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Arkansas' new home for elderly and disabled veterans has cleared its final hurdle, freeing the facility to accept all payer sources and fill its 46 remaining beds.

The U.S. Department of Veterans Affairs last month informed the state Department of Veterans Affairs that it had passed an Aug. 4 inspection and could begin billing the federal agency for care rendered to VA beneficiaries, state officials said last week.

The VA certification signifies the completion of a process that began in 2012 with the closure of the Little Rock Veterans Home under a cloud of mismanagement, poor living conditions and funding shortfalls.

The state Veterans Home at North Little Rock, which opened in January, has been the opposite of its predecessor, advocates and state officials agree. The 96-bed, $24 million facility uses a progressive model aimed at reducing the institutionalized atmosphere associated with traditional nursing homes.

The final step is filling the remaining four cottages with veterans, their spouses or eligible dependents.

"I'm pleased that we have cleared the regulatory hurdles to begin billing the Veterans Administration for care provided at the new NLR Veterans Home," Gov. Asa Hutchinson said in a written statement. "This is a significant milestone in providing quality long-term care in a home-like environment."

The North Little Rock facility now accepts veterans who pay out of their own pockets, through Medicare and Medicaid, and with federal VA benefits. It's one of two state-run veterans homes in Arkansas; the other is in a former hospital wing in Fayetteville.

The home addresses a need in Arkansas, which has a rapidly aging population of about 250,000 veterans. With both state-run homes at full capacity, there are about 200 nursing-home beds reserved for veterans in the state.

The state VA last year commissioned a study by a group of graduate students at the University of Arkansas at Little Rock, which found that about 657 additional beds will be needed by 2034, when the population of elderly veterans in need of long-term care is expected to peak.

The study attributed the leap to aging Vietnam War veterans and the military's increased acceptance of women during the 20th century.

Going forward, it remains unclear how the state will address the need, but a committee has formed to explore possible options. Thus far, it has identified two main solutions: building more veterans homes or encouraging more private facilities to obtain certification through the federal VA.

Martha Deaver, president of Arkansas Advocates for Nursing Home Residents, hopes the state elects to build more homes like the VA one in North Little Rock. Most private facilities, she said, won't provide adequate care, and the state-built home is state of the art.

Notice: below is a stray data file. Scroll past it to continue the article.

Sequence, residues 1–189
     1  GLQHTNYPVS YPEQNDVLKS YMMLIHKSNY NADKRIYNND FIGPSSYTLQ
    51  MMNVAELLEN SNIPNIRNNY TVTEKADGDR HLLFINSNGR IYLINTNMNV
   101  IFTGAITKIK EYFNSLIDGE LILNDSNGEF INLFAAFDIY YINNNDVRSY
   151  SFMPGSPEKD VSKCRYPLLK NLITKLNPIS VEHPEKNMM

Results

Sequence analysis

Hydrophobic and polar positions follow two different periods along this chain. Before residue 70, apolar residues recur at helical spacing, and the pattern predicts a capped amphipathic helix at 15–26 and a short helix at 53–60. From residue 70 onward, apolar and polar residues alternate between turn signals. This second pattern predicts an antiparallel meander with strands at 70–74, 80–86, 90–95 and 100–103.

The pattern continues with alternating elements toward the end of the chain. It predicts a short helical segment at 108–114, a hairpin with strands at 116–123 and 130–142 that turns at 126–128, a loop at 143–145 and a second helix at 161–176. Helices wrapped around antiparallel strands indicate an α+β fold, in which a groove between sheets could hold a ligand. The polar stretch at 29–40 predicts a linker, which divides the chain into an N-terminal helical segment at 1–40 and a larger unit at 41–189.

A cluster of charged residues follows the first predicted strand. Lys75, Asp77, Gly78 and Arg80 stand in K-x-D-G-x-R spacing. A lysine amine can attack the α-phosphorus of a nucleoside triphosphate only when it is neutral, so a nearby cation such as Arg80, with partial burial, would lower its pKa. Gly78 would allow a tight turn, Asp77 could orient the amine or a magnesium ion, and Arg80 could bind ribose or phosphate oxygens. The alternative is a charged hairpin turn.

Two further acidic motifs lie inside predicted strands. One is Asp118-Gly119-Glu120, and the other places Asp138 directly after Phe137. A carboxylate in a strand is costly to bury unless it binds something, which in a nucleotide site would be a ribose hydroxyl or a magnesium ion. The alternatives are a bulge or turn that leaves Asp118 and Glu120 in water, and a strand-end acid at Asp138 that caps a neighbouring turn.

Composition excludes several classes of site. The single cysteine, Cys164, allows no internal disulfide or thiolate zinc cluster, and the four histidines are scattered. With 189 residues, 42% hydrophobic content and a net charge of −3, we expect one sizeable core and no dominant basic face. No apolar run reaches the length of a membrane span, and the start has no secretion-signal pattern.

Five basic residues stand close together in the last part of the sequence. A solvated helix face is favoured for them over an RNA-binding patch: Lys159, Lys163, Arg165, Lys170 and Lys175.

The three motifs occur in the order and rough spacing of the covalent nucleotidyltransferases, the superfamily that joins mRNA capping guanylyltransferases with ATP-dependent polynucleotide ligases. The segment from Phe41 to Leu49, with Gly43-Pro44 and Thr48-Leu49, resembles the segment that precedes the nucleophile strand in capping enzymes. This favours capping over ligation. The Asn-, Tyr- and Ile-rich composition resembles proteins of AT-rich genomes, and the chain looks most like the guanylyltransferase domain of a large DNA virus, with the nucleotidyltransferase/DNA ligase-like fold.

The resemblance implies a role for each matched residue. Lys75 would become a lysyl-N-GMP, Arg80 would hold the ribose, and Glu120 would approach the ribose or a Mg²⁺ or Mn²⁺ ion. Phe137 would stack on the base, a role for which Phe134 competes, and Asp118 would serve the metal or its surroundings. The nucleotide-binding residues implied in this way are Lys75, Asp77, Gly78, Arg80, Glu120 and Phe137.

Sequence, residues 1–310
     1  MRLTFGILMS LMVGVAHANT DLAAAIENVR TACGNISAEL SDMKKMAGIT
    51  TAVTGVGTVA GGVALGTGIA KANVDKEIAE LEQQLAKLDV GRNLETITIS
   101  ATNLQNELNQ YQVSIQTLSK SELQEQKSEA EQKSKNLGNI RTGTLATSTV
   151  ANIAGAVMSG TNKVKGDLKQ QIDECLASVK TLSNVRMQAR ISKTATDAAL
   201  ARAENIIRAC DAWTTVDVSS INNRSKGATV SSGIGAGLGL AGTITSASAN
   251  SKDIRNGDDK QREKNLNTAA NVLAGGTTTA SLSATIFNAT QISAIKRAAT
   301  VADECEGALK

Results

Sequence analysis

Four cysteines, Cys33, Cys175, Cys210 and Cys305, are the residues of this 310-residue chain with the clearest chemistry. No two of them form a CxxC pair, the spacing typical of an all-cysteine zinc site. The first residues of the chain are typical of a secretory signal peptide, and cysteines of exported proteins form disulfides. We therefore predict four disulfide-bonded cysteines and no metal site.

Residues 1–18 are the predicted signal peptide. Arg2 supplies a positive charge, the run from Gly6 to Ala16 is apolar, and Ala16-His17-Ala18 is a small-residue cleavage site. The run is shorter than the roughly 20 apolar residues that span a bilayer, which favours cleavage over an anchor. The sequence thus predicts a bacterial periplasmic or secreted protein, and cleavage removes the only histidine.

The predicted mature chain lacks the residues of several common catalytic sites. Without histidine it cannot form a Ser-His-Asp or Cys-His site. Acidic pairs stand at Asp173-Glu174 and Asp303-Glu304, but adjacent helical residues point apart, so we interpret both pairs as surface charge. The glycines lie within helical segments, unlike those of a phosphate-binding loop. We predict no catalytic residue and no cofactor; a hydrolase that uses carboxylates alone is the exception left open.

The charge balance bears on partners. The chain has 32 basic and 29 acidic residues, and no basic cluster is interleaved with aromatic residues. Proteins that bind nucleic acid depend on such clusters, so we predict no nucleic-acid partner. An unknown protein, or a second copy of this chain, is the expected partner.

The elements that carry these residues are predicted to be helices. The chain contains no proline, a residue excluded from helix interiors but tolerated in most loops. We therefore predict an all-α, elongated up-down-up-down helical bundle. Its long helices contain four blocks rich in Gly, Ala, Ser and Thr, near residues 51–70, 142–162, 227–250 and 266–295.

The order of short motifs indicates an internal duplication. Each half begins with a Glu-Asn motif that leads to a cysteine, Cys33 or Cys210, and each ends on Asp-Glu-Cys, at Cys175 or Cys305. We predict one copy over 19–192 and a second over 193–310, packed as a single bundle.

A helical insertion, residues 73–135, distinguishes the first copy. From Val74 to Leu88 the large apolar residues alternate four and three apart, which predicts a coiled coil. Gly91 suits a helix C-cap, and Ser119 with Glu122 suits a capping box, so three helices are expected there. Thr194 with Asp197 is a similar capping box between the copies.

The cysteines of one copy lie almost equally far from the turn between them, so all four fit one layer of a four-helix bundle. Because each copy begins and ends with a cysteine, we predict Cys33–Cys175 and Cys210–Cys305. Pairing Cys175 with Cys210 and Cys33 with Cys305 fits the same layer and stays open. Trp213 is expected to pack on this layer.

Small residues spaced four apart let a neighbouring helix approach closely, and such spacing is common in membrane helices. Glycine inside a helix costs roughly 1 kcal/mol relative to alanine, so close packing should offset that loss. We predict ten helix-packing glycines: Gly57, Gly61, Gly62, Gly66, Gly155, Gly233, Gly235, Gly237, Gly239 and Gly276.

"The state can do a much better job providing care than the private sector," Deaver said. "The private sector puts profit over care too many times, and the data show that."

The North Little Rock home consists of eight cottages scattered across 31 acres of rolling hills that once was the Emerald Park Golf Course. The cottages resemble large residential homes and house 12 residents each.

"It's a comfortable, homelike setting," Deaver said.

"The institutionalized, sterilized atmosphere and living conditions are nonexistent," she added, referring to conditions people sometimes associate with nursing homes.

However, state officials going back to previous state VA Director Matt Snead, who resigned in March, have cautioned that the cost of additional veterans homes may be too great, and that many areas of the state wouldn't be able to support such facilities on a long-term basis.

As for the North Little Rock home, it has faced some financial hardships in its opening months. The long federal approval process left the home without a vital source of revenue, yet it began accepting federal VA beneficiaries in August.

The cost of housing those residents will be recovered in the next few months as the agency begins receiving reimbursement from the federal VA, which will back-date to the day of the inspection.

The veterans home also has had to rely on a nursing agency to fill out its staff, because it hasn't been able to hire enough of its own nurses. It's one of many health care providers in central Arkansas to face a nursing shortage.

To offset the funding shortfalls, the state VA allocated money to the home from some of its other divisions. The governor's office and the Department of Finance and Administration also provided financial help to keep the home afloat until the federal payments begin, said state VA Director Nate Todd, who was tapped by the governor to lead the agency in March.

The facility should become self-sustaining by July, Todd said.

"I'm a small-government guy," Todd said last week. "But I think our state got this veterans home right."

Metro on 12/17/2017

Print Headline: NLR vets home gets VA blessing

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